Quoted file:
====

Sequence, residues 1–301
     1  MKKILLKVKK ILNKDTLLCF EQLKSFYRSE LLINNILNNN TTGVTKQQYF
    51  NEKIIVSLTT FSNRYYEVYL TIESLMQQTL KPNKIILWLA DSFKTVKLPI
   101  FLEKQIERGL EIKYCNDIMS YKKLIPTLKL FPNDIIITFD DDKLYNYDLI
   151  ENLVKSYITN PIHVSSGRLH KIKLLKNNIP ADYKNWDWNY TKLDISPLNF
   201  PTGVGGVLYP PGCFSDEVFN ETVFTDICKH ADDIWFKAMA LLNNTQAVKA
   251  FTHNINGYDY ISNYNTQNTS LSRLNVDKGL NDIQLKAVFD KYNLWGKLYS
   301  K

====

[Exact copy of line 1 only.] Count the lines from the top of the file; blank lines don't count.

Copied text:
Sequence, residues 1–301